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Panel chairman visits Mercy’s child abuse center

June 27, 2015 ·  By Danielle Fox / Pittsburgh Post-Gazette for www.post-gazette.com

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from Bright Futures4kids

Josh Shapiro, chairman of the Pennsylvania Commission on Crime and Delinquency, visited A Child’s Place in Mercy Hospital on Wednesday at an opportune time.

Last week, the commission announced that $48 million of Penn State University’s penalties from the Jerry Sandusky case will go toward combating child sexual abuse, partly through child abuse centers such as A Child’s Place.

Mr. Shapiro, who is a former state representative and helped start a child advocacy center in Montgomery County, called child abuse an issue close to his heart. Mr. Shapiro said he wants to use the funding to found and help child abuse centers across the state. He is visiting several centers across the state and started with A Child’s Place.

“The best collaborative approach that exists for dealing with child abuse is through child advocacy centers across Pennsylvania,” Mr. Shapiro said.

Mr. Shapiro toured the center’s examination rooms, which feature security cameras and games hand-painted on the walls, and then sat down with employees to discuss the state’s need for child abuse centers.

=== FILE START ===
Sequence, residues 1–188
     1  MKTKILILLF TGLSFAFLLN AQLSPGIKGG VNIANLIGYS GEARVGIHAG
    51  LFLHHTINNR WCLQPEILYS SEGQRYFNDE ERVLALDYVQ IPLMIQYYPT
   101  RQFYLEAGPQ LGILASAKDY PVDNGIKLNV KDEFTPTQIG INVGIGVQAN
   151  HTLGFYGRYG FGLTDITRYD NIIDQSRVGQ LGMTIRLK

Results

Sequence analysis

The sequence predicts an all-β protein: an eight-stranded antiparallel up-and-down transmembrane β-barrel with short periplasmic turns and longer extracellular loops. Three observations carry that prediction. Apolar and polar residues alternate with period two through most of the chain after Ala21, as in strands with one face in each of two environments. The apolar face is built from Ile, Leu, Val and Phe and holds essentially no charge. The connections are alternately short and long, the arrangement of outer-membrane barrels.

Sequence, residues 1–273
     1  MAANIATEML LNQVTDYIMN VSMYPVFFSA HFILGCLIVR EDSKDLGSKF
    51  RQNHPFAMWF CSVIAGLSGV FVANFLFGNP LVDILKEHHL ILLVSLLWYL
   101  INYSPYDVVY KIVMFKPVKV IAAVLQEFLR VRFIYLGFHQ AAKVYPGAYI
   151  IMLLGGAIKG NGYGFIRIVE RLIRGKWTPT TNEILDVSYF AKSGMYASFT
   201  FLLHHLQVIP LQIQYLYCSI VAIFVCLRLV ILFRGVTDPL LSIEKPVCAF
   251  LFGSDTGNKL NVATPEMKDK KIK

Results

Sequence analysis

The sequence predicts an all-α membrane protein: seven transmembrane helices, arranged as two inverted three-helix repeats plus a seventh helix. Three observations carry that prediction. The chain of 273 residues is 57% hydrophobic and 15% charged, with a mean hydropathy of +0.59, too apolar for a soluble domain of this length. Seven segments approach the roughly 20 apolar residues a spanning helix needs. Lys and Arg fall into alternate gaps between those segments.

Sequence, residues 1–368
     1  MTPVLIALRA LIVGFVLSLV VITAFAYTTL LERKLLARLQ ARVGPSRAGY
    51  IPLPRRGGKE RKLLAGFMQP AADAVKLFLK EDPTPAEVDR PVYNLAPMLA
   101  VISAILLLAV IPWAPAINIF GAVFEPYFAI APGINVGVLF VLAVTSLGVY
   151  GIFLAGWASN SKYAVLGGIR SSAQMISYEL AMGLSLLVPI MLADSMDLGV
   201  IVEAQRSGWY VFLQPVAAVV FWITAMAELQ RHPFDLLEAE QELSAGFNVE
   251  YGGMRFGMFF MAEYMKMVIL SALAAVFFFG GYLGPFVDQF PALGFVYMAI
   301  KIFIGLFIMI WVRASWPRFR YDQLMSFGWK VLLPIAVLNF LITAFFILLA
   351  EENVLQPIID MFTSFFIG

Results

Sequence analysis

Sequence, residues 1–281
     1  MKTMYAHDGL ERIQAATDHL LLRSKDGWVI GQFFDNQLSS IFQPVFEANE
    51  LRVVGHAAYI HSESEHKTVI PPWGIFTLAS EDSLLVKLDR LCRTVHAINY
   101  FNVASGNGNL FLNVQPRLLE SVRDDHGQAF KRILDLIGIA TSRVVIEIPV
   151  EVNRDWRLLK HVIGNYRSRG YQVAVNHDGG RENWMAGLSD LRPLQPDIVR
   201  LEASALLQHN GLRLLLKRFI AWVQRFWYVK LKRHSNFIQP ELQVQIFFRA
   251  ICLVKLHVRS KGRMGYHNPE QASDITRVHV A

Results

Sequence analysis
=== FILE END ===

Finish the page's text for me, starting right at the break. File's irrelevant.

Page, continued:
The commission has already given more than $2.6 million to CACs this year. A Child’s Place received $200,000, which Mary Carrasco, the center’s director, said has allowed the center to establish satellite locations in Fayette, Westmoreland, Washington and Beaver counties.

The center and its satellite locations serve about 700 children a year from 12 counties.

Desirea Patterson, a forensic interviewer at A Child’s Place, said CACs are a “one-stop shop, so parents don’t have to go so many places.”

The centers treat physical and sexual abuse from the initial investigation to prosecution. The centers also work on emotional healing with a coordinated law, medical and social service response through multidisciplinary investigative teams — composed of member groups such as the District Attorney’s office, juvenile probation centers and KidsVoice in Allegheny County.

“What happens behind these walls is truly remarkable,” Mr. Shapiro said.

To receive grant funding from the NCAA/​Penn State settlement funds, center officials must submit an application that the commission will review and then respond to on a need basis in the fall.

The commission must award up to $24 million during the first five years. After that, it can spend only the interest on the remaining $24 million unless the fund receives more donations or settlement money.

“[We] can’t afford not to apply,” Dr. Carrasco said of her center.

Danielle Fox: dfox@post-gazette.com or 412-263-1240.

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